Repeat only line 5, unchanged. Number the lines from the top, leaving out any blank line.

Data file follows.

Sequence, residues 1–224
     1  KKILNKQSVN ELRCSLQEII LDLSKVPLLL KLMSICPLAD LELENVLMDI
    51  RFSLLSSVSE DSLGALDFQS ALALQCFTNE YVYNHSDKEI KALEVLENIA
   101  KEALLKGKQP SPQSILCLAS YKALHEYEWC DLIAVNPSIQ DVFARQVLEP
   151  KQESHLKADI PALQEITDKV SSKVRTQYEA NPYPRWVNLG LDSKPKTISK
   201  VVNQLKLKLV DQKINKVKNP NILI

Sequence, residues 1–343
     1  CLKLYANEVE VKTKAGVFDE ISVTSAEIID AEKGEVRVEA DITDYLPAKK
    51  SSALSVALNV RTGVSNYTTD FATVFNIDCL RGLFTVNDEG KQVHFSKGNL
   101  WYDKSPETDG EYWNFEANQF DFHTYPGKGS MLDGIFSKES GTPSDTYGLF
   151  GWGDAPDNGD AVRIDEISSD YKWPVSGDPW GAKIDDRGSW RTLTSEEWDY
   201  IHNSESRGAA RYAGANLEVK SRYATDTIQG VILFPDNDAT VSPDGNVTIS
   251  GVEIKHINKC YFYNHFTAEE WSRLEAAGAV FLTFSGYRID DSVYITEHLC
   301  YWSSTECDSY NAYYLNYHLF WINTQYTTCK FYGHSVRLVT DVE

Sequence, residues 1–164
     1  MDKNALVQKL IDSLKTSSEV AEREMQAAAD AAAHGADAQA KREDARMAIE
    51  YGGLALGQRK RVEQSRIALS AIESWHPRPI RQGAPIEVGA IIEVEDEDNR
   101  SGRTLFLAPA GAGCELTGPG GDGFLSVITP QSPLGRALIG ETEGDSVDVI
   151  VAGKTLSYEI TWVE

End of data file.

   151  KQESHLKADI PALQEITDKV SSKVRTQYEA NPYPRWVNLG LDSKPKTISK